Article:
by Christopher Preble via CATO

As a historian of the Cold War, I have a passing knowledge of a number of meetings between Soviet/Russian leaders and U.S. presidents. Some are famous for getting relations off on the wrong foot (e.g. Kennedy and Khrushchev at Vienna in 1961); others set the stage for great breakthroughs, but were seen as failures at the time (e.g. Reagan and Gorbachev at Reykjavik in 1986); still others are largely forgotten (e.g. Johnson and Kosygin at Glassboro, NJ in 1967). It is impossible to predict how we will remember the first substantive meeting between Donald Trump and Vladimir Putin.

We can see, however, what President Trump wants us to remember. “I think we have great opportunities together as two countries that, frankly,…have not been getting along very well for the last number of years,” Trump said at the opening of the meeting in Helsinki. “I think we will end up having an extraordinary relationship.”

President Trump has long said, going back to his campaign, that it is important to have good relations with Russia. I agree. I’ve never seen meetings between American leaders and senior government officials and their foreign counterparts as a “reward” for good or bad behavior. It’s called diplomacy. If this first meeting does set a tone for cooperation between the two countries, historians might eventually judge it worthwhile.

Unfortunately, the context surrounding this meeting is not conducive to long-term success. Credible evidence of Russian interference in the 2016 election, affirmed in detail as recently as Friday, casts a long shadow, and makes it very difficult to make progress on matters of mutual interest. Any genuine breakthrough will immediately run afoul of U.S. domestic politics. That President Trump continues to dismiss the Mueller investigation as a “rigged witchhunt” and mostly blames his predecessor for failing to call the Russian election hack to the attention of the American people merely confirms a widespread perception that he doesn’t take it seriously.

In addition, on the heels of last week’s NATO summit, and the G-7 meeting last month, there is the unsettling fact that President Trump seems to prefer meeting with autocrats than with leaders of democracies. We saw that again today, with President Trump praising Vladimir Putin effusively days after he humiliated European leaders. He also spoke warmly of their mutual friend, China’s Xi Jinping. Last month, the president joked about how North Koreans “sit up at attention” when Kim Jong Un speaks, and he would like “my people to do the same.” He seems particularly impressed by how others are able to stifle domestic dissent. This behavior and rhetoric plays into his critics’ warnings about Donald Trump’s authoritarian instincts, and today’s meeting does nothing to ease such concerns.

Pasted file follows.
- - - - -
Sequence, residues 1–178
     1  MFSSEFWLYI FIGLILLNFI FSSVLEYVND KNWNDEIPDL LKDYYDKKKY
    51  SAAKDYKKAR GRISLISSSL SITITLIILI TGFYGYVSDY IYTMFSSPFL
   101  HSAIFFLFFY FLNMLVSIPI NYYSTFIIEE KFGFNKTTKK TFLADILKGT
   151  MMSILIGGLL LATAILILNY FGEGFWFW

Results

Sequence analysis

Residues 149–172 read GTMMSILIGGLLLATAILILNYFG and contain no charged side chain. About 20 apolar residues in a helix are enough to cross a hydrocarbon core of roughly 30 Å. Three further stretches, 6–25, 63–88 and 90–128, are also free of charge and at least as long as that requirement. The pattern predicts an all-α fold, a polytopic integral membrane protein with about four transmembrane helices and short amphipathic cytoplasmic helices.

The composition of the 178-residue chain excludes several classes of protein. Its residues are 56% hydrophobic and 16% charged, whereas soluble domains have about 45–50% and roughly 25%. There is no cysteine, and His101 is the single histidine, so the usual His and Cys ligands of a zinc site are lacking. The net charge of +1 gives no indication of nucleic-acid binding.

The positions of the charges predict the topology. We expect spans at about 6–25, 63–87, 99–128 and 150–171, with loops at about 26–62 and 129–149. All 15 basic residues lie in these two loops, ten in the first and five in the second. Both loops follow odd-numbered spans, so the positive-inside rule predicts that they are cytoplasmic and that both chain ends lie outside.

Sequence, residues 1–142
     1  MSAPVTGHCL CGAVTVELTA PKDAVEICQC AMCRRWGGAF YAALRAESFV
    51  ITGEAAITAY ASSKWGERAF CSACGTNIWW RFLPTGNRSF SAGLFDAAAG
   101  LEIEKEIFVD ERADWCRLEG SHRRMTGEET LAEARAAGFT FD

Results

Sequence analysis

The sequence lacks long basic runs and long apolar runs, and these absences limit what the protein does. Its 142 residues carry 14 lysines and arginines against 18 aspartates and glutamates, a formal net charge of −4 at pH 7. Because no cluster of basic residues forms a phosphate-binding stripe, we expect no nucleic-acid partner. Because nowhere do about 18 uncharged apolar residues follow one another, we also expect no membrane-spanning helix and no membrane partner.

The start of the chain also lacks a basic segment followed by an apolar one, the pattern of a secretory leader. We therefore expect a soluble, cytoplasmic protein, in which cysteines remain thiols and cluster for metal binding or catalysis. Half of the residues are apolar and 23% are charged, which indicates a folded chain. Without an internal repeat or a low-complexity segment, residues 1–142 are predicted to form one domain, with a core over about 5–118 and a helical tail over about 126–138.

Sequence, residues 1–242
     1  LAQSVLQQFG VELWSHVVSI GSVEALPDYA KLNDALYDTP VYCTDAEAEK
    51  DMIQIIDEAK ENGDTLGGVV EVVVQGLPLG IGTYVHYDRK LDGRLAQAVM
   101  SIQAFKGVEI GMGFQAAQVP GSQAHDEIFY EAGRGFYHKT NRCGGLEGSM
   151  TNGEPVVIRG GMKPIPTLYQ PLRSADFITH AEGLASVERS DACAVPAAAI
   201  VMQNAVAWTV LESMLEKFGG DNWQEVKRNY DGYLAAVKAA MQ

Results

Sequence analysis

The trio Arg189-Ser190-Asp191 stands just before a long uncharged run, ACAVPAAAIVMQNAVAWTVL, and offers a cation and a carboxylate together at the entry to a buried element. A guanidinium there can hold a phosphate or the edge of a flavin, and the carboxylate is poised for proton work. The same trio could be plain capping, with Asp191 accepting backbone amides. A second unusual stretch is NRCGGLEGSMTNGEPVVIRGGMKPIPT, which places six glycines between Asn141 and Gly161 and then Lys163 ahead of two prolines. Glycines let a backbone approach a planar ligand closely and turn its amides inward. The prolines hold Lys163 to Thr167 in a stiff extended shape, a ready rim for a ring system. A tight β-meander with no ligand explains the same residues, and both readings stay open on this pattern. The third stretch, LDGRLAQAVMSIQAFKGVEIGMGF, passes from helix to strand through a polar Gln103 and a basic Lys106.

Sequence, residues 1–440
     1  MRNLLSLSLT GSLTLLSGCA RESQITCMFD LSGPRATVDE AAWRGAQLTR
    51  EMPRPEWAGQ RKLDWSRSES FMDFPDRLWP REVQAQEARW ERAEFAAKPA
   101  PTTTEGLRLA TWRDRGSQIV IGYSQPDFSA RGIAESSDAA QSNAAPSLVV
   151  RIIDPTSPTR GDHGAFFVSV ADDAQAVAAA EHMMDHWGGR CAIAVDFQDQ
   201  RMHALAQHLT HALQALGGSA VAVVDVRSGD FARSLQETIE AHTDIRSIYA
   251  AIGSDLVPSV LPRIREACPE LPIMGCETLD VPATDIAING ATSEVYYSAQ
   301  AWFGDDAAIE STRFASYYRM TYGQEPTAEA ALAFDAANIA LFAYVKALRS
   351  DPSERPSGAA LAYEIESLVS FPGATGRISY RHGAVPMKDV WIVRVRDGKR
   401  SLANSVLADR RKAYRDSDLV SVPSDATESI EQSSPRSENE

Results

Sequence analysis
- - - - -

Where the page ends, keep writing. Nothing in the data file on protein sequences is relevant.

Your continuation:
President Trump’s idiosyncrasies notwithstanding, however, I will be paying attention to what, if anything, emerges from his meeting with Vladimir Putin. These could include agreement to discuss nuclear arms control, tamping down the civil war in Syria, and possibly reaching some resolution on Ukraine. But we’d all be advised to wait a bit before rendering a definitive judgement.


Christopher Preble is the vice president for defense and foreign policy studies at the Cato Institute. He is the author of The Power Problem: How American Military Dominance Makes Us Less Safe, Less Prosperous, and Less Free (Cornell University Press, 2009) and John F. Kennedy and the Missile Gap (Northern Illinois University Press, 2004). He coedited, with John Mueller, A Dangerous World? Threat Perception and U.S. National Security (Cato Institute, 2014); and, with Jim Harper and Benjamin Friedman, Terrorizing Ourselves: Why U.S. Counterterrorism Policy Is Failing and How to Fix It (Cato Institute, 2010).

The article originally appeared at CATO.org. Read the original here.

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